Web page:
Screenshot #1 - Layla. Layla is one of our female Bichons weighing in at just under 10 pounds (exactly what Embark predicted her adult weight would be). This puts her well within breed standards BUT you can see from the screenshot below that she carries some alleles for larger size traits.
Screenshot #2 - Bentley. Bentley is one of our male Cavaliers who weighs just over 15 pounds despite an Embark prediction that he will weigh 21 pounds. Standard weight for Cavaliers is 13-18 pounds so he's within range but smaller for a male. We chose Bentley for this comparison b/c his genetics differ from Layla although both are average or small.
As a breeder, logic might have us assume that a Bichon weighing in at 10 pounds being bred to a Cavalier weighing in at 15 pounds will produce puppies somewhere between 10-15 pounds. The breeder might also make educated guesses within the litter about future size based on birth weight, sex and whether they carry more Cavalier or Bichon genes in appearance. Prior litters are also helpful in these educated guesses. Many times, the breeder will be right. However, looking at these screenshots we can now understand that our lovable MegaChons are nothing more than a combination of genetics where a puppy ends up with all the "larger" or "intermediate" genes from both parents and suddenly outgrows them both. In our hypothetical one puppy could carry for Larger, Larger, Intermediate, Intermediate and Larger from two relatively small parents. Combine this with environmental factors and you can have an unexpected Magachon.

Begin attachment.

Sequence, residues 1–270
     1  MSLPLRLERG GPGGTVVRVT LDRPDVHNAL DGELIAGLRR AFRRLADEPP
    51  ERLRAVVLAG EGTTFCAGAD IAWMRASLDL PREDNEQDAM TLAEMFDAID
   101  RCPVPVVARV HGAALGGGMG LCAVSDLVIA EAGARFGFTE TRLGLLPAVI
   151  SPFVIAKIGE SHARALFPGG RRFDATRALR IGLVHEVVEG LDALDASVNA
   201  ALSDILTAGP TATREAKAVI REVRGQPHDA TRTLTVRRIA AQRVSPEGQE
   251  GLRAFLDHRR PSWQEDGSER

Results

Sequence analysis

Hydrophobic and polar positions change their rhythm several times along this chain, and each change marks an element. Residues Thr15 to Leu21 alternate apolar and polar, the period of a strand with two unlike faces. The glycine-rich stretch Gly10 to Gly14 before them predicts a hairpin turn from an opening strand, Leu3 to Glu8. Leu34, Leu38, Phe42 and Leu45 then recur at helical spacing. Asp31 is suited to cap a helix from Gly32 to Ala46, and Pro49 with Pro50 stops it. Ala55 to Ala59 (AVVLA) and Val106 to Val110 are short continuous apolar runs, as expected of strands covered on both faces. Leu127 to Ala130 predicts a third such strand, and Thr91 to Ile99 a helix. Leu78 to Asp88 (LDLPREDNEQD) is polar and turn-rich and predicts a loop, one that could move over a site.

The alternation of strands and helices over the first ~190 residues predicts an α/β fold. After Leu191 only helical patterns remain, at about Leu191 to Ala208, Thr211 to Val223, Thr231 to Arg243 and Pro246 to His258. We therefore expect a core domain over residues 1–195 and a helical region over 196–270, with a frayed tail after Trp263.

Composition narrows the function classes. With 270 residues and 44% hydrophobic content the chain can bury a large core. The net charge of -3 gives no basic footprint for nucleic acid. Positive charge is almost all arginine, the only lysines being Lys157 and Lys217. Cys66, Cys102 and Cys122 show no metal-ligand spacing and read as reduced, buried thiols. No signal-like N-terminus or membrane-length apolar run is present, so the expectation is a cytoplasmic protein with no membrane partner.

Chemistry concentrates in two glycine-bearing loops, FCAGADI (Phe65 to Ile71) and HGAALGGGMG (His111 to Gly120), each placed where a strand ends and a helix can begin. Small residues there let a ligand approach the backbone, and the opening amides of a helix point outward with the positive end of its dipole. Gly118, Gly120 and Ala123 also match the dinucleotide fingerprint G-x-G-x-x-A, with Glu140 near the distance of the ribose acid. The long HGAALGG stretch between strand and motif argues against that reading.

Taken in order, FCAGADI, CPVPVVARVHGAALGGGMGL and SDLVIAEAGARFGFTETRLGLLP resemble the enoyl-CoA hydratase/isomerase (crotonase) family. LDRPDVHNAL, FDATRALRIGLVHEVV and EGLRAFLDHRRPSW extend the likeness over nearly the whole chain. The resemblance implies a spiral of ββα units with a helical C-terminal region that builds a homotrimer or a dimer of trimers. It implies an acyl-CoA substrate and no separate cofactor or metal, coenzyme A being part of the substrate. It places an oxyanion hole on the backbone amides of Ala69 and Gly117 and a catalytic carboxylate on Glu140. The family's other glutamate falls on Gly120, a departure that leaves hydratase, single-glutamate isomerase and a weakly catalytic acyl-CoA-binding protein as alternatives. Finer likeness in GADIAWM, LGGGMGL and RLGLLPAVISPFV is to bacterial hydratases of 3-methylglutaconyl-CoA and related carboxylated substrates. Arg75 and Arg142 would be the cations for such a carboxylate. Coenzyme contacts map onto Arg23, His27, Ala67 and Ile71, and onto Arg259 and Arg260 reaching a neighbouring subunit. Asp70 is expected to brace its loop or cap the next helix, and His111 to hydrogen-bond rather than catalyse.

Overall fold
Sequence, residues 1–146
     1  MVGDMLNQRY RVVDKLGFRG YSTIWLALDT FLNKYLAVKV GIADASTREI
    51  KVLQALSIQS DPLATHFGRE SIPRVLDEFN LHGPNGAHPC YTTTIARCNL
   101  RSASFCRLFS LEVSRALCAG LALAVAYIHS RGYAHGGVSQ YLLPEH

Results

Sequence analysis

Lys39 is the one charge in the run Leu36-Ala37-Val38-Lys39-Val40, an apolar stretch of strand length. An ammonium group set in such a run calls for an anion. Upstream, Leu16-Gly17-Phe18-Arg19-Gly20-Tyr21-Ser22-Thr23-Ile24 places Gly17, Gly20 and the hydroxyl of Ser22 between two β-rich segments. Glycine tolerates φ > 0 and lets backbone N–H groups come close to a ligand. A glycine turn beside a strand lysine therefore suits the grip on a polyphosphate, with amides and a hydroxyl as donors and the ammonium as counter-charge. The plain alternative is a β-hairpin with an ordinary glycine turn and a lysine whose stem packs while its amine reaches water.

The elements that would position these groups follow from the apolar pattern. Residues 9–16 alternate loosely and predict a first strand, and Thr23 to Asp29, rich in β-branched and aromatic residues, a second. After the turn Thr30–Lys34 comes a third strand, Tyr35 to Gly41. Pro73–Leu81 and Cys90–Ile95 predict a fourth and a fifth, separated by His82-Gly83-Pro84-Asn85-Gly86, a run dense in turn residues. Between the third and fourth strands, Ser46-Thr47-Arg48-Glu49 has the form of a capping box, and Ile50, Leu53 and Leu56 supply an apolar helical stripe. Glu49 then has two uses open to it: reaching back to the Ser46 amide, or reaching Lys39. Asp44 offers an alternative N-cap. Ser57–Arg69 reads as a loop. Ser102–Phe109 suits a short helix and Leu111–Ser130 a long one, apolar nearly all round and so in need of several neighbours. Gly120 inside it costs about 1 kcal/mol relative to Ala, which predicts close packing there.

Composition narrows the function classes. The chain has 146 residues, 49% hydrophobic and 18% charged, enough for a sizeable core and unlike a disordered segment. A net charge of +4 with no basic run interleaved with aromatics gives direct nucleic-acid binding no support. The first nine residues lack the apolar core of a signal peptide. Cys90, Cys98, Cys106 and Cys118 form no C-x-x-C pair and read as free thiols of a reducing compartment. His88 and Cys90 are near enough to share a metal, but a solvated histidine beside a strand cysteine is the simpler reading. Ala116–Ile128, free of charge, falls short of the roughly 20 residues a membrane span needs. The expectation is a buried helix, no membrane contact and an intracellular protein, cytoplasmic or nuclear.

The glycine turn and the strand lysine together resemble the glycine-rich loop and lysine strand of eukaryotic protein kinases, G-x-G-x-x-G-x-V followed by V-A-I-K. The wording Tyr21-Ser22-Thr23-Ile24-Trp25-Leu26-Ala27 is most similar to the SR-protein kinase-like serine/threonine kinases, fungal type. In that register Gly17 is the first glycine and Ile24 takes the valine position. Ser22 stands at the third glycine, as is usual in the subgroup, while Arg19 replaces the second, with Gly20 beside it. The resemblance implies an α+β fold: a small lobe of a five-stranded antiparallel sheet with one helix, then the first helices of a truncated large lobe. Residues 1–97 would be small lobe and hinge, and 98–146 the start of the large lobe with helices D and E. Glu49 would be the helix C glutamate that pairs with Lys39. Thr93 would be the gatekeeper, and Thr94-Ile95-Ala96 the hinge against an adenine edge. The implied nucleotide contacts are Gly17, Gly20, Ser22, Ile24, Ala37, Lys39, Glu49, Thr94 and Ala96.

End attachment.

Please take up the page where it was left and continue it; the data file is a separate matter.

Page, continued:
Those of us with MegaChons would not change them for the world; however, if you specifically want to avoid a MegaChon (perhaps for purposes of in-cabin air travel) or you specifically want to find a MegaChon (they are a great alternative to larger Doodle breeds), Embark's DNA panel can help eliminate or increase your chances by having your prospective puppy screened before purchase. While their size predictor isn't 100% accurate, it's truly the best guess at how much your adult dog will weigh!
TThe OFA - or Orthopedic Foundation for Animals is a fantastic organization that can really help you in your puppy search. Whether you are searching for a healthy Cavalier King Charles Spaniel or a related hybrid, don't neglect to check the OFA for information on your puppies parents. Here's what you need to know: